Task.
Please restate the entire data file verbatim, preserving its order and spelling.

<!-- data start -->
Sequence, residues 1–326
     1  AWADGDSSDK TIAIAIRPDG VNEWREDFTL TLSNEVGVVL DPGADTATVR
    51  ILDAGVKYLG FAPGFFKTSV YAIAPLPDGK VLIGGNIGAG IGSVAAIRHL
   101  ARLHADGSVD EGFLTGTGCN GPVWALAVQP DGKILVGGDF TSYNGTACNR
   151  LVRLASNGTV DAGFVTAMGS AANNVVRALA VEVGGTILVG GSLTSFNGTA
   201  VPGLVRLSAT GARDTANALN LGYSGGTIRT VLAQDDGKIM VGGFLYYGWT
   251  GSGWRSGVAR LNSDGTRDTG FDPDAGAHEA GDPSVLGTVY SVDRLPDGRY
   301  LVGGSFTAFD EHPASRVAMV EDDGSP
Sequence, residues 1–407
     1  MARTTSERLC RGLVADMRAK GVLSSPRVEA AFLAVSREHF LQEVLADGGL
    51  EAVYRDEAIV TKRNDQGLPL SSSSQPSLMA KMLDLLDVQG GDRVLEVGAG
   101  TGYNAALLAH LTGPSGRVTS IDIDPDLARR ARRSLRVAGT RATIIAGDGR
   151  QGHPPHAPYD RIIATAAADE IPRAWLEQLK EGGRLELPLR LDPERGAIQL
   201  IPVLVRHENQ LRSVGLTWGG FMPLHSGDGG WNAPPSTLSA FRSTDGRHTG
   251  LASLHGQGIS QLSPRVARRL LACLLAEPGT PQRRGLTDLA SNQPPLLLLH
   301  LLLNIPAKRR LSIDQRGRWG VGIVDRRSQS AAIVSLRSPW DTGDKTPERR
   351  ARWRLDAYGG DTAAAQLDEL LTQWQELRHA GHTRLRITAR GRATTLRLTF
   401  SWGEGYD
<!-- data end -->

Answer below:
Sequence, residues 1–326
     1  AWADGDSSDK TIAIAIRPDG VNEWREDFTL TLSNEVGVVL DPGADTATVR
    51  ILDAGVKYLG FAPGFFKTSV YAIAPLPDGK VLIGGNIGAG IGSVAAIRHL
   101  ARLHADGSVD EGFLTGTGCN GPVWALAVQP DGKILVGGDF TSYNGTACNR
   151  LVRLASNGTV DAGFVTAMGS AANNVVRALA VEVGGTILVG GSLTSFNGTA
   201  VPGLVRLSAT GARDTANALN LGYSGGTIRT VLAQDDGKIM VGGFLYYGWT
   251  GSGWRSGVAR LNSDGTRDTG FDPDAGAHEA GDPSVLGTVY SVDRLPDGRY
   301  LVGGSFTAFD EHPASRVAMV EDDGSP
Sequence, residues 1–407
     1  MARTTSERLC RGLVADMRAK GVLSSPRVEA AFLAVSREHF LQEVLADGGL
    51  EAVYRDEAIV TKRNDQGLPL SSSSQPSLMA KMLDLLDVQG GDRVLEVGAG
   101  TGYNAALLAH LTGPSGRVTS IDIDPDLARR ARRSLRVAGT RATIIAGDGR
   151  QGHPPHAPYD RIIATAAADE IPRAWLEQLK EGGRLELPLR LDPERGAIQL
   201  IPVLVRHENQ LRSVGLTWGG FMPLHSGDGG WNAPPSTLSA FRSTDGRHTG
   251  LASLHGQGIS QLSPRVARRL LACLLAEPGT PQRRGLTDLA SNQPPLLLLH
   301  LLLNIPAKRR LSIDQRGRWG VGIVDRRSQS AAIVSLRSPW DTGDKTPERR
   351  ARWRLDAYGG DTAAAQLDEL LTQWQELRHA GHTRLRITAR GRATTLRLTF
   401  SWGEGYD